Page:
Following the water-gas shift reaction, the reformate undergoes a conditioning process during which the humidity and temperature of the reformate output 28 is adjusted to be suitable for PEFC application. The humidity adjustment is accomplished by mixing water steam and the temperature adjustment is accomplished by thermal transfer through a heat exchanger. In a preferred operating condition, the temperature of the reformate output 28 should be in the range of about 70 to 100° C. and the humidity should be close to 100% relative humidity (RH) at the corresponding temperature.
The fuel processor 27 is preferably controlled by the central management subsystem 11 as a result of operational data 14 being transmitted therebetween. The central management subsystem 11 may control any number of operational parameters, such as a water vapor flow 12, an air flow 13, and a coolant flow 15 to the fuel processor 27. In a preferred embodiment, a single integrated electronic management subsystem 11 controls not only the fuel processor 27, but also the ECO processor 29 and the fuel cell (or fuel cell stack) 33, both of which are further described below. It is, however, envisioned to control these components with separate management subsystems.
Sensing devices (not pictured) well known in the art can be installed in the fuel processor 27, the ECO processor 29, as well as the fuel cell stack 33. These sensors monitor the overall system 10 performance by measuring the parameters which include, but are not limited to, the pressure, temperature, carbon monoxide concentration, output voltage/current, etc. This data will be part of the operational data 14, 16, 19 which will be directed to the management subsystem 11 and receive feedback from the management subsystem 11 for the control of each operation of the unit. Particularly relevant to this invention is the carbon monoxide data collected as part of each operation data 14, 16, 19. To generate the operational data with respect to carbon monoxide levels, the sensing device according to one embodiment of the present invention is a broad-band infrared absorption-detector, although other similar devices can also be used.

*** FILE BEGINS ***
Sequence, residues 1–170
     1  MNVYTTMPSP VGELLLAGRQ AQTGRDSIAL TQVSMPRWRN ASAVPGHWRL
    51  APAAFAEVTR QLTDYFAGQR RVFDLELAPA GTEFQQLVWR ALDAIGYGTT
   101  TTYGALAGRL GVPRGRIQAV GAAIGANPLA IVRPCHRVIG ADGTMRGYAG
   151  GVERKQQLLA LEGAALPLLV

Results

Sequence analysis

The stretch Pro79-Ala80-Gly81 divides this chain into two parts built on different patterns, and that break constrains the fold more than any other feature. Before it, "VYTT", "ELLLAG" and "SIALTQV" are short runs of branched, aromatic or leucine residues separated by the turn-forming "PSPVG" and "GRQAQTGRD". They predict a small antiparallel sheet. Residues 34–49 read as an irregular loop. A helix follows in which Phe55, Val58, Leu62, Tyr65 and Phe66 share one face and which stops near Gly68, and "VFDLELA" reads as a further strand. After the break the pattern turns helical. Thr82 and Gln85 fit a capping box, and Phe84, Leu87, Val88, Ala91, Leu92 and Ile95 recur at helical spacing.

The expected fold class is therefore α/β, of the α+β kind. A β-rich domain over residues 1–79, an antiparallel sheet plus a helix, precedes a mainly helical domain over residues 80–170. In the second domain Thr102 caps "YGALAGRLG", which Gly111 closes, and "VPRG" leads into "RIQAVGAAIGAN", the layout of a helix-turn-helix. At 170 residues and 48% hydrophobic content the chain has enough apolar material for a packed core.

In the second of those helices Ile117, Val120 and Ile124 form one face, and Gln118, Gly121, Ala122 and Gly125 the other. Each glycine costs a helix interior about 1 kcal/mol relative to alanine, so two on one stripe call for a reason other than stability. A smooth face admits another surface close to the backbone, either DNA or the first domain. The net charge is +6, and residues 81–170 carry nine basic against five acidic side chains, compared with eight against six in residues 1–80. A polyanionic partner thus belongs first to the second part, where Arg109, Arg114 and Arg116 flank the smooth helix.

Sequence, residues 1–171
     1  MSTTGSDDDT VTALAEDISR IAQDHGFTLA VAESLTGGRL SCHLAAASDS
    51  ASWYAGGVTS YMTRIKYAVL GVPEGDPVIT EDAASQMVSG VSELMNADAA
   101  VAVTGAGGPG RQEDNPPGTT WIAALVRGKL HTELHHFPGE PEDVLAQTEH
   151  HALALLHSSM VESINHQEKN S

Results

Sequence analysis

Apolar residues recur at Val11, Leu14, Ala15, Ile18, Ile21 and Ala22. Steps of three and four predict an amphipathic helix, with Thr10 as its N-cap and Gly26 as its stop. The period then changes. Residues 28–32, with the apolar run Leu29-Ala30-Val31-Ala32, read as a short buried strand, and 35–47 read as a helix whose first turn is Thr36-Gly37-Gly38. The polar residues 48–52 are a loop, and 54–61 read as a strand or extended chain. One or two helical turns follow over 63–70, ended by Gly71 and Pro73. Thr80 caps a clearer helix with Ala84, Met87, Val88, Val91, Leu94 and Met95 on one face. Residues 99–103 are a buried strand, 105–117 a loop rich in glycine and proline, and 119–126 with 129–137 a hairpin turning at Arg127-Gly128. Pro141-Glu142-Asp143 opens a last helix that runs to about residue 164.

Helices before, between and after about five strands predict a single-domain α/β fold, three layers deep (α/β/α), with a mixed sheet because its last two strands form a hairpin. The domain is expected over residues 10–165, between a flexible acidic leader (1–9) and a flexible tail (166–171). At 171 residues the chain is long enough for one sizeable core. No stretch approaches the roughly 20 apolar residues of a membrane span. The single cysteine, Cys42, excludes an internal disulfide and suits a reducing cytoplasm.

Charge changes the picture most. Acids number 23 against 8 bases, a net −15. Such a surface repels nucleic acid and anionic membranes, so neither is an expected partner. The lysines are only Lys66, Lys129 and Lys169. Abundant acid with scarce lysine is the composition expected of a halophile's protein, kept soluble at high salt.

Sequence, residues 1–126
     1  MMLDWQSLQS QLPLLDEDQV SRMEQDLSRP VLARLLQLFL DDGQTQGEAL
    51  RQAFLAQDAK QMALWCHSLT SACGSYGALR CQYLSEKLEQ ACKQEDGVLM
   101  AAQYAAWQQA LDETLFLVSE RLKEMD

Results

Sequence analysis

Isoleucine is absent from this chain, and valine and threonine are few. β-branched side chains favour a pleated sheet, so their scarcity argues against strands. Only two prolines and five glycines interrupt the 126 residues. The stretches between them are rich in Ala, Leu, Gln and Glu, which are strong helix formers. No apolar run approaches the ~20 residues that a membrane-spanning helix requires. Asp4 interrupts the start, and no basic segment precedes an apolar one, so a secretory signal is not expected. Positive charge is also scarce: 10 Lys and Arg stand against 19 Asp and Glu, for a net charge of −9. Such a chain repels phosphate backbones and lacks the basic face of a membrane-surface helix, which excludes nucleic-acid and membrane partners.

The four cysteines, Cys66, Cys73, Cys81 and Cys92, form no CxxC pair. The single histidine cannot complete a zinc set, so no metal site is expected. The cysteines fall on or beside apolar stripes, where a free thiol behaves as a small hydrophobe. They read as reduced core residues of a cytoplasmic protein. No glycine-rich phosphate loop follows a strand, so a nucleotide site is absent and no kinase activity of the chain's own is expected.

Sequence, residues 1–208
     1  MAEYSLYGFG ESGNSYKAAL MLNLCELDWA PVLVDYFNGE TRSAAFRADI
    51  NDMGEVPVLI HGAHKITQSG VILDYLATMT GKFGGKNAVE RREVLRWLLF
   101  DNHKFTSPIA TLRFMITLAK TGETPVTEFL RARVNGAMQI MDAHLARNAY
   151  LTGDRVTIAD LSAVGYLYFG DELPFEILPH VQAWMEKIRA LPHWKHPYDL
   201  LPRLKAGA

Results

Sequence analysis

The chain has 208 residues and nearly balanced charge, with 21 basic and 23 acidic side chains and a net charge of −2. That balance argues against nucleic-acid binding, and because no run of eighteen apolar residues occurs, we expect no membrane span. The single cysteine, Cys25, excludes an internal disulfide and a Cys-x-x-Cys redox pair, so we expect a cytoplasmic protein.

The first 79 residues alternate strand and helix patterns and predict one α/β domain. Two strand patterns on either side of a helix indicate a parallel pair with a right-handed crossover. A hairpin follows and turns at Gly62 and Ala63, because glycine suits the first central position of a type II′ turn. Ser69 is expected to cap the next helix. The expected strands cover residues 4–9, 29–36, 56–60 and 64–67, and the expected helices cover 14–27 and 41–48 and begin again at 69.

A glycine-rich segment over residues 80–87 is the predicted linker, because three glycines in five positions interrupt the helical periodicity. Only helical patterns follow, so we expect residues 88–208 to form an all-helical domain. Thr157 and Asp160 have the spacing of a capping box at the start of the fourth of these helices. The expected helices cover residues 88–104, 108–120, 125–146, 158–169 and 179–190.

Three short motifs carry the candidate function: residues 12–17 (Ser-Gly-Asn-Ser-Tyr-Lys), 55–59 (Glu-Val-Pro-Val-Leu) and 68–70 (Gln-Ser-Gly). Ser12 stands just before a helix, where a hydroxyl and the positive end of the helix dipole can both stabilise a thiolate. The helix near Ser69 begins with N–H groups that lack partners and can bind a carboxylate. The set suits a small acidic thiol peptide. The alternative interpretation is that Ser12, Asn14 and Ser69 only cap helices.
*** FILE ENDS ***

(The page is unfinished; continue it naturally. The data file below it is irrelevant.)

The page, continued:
The humidified reformate 28 enters an anode side 36 of the ECO cell 29 (FIG. 2a) through a flow field 50 of a bipolar plate 48 (described below). It passes across an electrode catalytic material 47 which includes a catalyst metal component 41 and a catalyst support 42 further described below. Thereby, the catalytic metal component 41 chemisorbs the carbon monoxide in the reformate 28. The reference to “chemisorbs” herein is intended to refer to chemical adsorption where the electronic interaction between CO and the active site in the catalytic metal 41 occurs to form a quasi-chemical bond. Subsequent references herein to “adsorb” and “chemisorb” are used interchangeably unless otherwise specified, such as “physi-adsorption.” The chemisorption of carbon monoxide occurs preferentially over hydrogen. This preferential adsorption is due to a significant difference in the Gibbs energies of adsorption between carbon monoxide and hydrogen with the catalytic sites. Consequently, the catalytic metal component 41 preferentially absorbs carbon monoxide despite the composition of the hydrocarbon reformate typically comprising far greater percentages of hydrogen.
Over time and in the process of adsorbing carbon monoxide, the catalytic metal component 41 eventually approaches a point of carbon monoxide saturation, thereby reducing or altogether eliminating its adsorption capacity to adsorb more carbon monoxide from the reformate 28. To maintain an efficient removal of carbon monoxide from the reformate 28, the catalytic metal component 41, and specifically its adsorption capacity, should be regenerated. The regeneration preferably occurs prior to the time the catalytic metal component 41 reaches carbon monoxide saturation and, more preferably, before there is any substantial degradation of the ability of the catalytic metal component 41 to adsorb carbon monoxide.
Regeneration can occur by removing the carbon monoxide from the catalytic metal component 41 via an oxidizing agent such as water vapor 12. Specifically, the water vapor 12 provides transient species such as a hydroxyl radical, a hydrogen peroxide radical, etc. formed during an electrochemical process (described below) when the water 12 is adsorbed over the surface of the catalytic metal 41. Thus, when an oxidizing agent from the activated water vapor 12 chemically reacts with the carbon monoxide that had been adsorbed by the catalytic metal component 41, carbon monoxide is converted to carbon dioxide that is generally not harmful to the performance of the fuel cell 33. The carbon dioxide produced from the oxidation reaction has only weak physi-adsorption (i.e., adsorption due to van der Waals interaction). Therefore, it is easily released by the catalytic metal component 41 and swept away by the continuing flow of reformate 28. With the adsorbed carbon monoxide now removed, the catalytic metal component 41 is again able to adsorb additional carbon monoxide. Accordingly, the adsorption capacity of the catalytic metal component 41 has been regenerated.